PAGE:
Saturday, June 09, 2012

Road Trip Report and Honey Wheat Germ Bread

Mrs PG and I are back from a road trip to New England to visit my parents and attend her nephew's wedding in Troy, NY. I didn't seek out any local flours or notable bakeries this year but I did add some new pieces to my collection of baking equipment. My father donated a recipe card stand that keeps my papers off the counter and away from spilled flour or water. At a store in Vermont called Basketville, I bought a grapefruit knife. It looks like a double serrated edge steak knife with a tipped up end of the blade. I thought it also looked something like a lame so I put down the required $2.59 for purchase. I tried it out on the subject loaf of this post and it seems to work well enough on my first effort.

The big addition is the cherry wood bowl that I found at Peterman's Bowls and Boards in Turners Falls, MA.
It's about 14" wide with a not too shallow depth to the bowl that should lend itself to the minimal handling procedure for making bread as described in this post from The Fresh Loaf site.

The steps describe what happens after you've mixed your dough to the prescribed "shaggy mass" and left it to rest for 20-30 minutes under a cover of some sort. I have yet to try the method myself but plan on doing so once I've treated the bowl with enough food grade mineral oil. Reports on that will be posted in the future.

The pictures of a loaf of my sourdough version of an  Abfrisch (Bohemian Bread) as posted by Plotzblog were unceremoniously and unfortunately deleted due to my operator error with my new camera. The Google translation wasn't entirely clear but I took some guesses on this 46% rye bread and got some pleasant results. You can find the recipe in Plotzblog's post on "Wild Yeast" or try to find it at his blog. Plotzblog has posted many different German, Swiss, and Austrian recipes that may interest bakers that are willing to take some guesses with the translation. If you can read the posts directly in German, you'll have it made in the shade.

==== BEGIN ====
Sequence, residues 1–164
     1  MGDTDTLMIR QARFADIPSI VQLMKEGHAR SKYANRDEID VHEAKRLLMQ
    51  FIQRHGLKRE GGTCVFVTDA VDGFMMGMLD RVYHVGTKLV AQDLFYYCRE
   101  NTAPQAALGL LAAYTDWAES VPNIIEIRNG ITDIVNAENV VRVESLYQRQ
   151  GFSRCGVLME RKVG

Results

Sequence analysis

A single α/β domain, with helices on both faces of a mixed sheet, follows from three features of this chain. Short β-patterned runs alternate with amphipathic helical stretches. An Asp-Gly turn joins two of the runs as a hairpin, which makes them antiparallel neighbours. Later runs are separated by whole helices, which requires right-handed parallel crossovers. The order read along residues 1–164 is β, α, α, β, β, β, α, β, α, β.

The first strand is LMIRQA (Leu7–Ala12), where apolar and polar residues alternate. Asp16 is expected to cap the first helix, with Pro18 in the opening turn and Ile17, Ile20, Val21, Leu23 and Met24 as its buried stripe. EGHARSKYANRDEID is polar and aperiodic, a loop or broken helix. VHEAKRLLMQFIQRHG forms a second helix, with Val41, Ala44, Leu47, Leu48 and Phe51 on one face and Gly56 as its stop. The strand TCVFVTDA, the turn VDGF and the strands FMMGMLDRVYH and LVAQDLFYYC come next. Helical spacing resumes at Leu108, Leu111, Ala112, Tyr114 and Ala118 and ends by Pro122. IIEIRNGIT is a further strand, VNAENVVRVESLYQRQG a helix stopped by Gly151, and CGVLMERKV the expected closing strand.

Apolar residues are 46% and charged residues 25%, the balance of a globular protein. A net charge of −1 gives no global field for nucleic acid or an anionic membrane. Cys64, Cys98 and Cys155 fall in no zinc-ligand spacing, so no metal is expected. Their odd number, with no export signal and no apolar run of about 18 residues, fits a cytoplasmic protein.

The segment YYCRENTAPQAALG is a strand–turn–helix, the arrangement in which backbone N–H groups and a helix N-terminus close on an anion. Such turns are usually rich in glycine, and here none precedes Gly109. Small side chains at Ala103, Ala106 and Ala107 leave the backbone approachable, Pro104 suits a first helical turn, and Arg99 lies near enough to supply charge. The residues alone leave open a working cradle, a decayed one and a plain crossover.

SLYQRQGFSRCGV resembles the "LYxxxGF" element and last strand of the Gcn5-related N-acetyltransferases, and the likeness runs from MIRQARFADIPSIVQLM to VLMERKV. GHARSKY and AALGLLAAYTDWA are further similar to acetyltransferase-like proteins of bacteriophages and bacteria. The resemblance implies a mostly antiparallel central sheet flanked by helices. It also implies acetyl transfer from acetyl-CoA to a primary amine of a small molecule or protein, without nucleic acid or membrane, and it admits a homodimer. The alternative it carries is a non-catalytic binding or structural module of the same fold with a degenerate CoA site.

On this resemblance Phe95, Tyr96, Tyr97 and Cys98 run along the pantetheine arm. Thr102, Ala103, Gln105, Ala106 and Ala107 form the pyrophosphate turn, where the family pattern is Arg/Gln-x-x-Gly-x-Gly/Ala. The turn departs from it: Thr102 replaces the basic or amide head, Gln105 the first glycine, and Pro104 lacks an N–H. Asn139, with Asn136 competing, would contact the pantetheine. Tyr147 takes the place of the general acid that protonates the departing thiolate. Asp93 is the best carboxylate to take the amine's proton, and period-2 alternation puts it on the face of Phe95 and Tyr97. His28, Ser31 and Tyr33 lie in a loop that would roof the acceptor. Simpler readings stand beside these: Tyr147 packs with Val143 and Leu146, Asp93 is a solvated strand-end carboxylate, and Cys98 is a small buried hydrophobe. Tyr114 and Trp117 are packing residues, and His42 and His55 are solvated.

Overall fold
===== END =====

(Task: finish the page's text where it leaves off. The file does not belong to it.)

The subject loaf is something that I worked out on my own. I have no idea if someone posted or published something like this before but I think that any novice sourdough baker should be able to figure this one out and replicate it well. It's a great loaf for sandwiches or with a healthy schmear of peanut butter.

175g of 66% hydration white flour starter

100g stone ground whole wheat
30g wheat germ
100g water

300g bread flour
178g water at 90F + 15g (1 Tbs) for correction
10g kosher salt
1 Tbs local organic honey
All of soaker
All of starter

I think the crust turned out well with good thickness and crunch. The color is probably due to the honey in the dough but that doesn't need to be fixed from my perspective. Hamelman's "Bread" has a suggestion for toasting the wheat germ used in one of his recipes. That sounds like an excellent idea to try in a future loaf.

Out in the garden, everything grew up while we were on the road. The tomato plants are about 4-5' tall and more like bushes than anything else. My snow peas didn't do well in the heat so they're on their way out. The dill and cilantro plants look like someone fed them plant steroids. That's OK for the dill, I guess, but the cilantro is too tall to use for food so after it goes to seed, I'll pull it out. Fortunately, nothing is wrong with the basil, oregano, rosemary, or sage. They all look like they're ready to contribute to some focaccia or ciabatta. The lawn already has cracks in the soil due to the dry conditions. Yes, Kansas could use some rain here but elsewhere in the state, the wheat harvest has begun earlier than usual so not everyone would agree with me on that wish. For some information on the progress of the harvest, sometimes called "The Big Haircut", go to

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Comments, humor, and questions are welcome.

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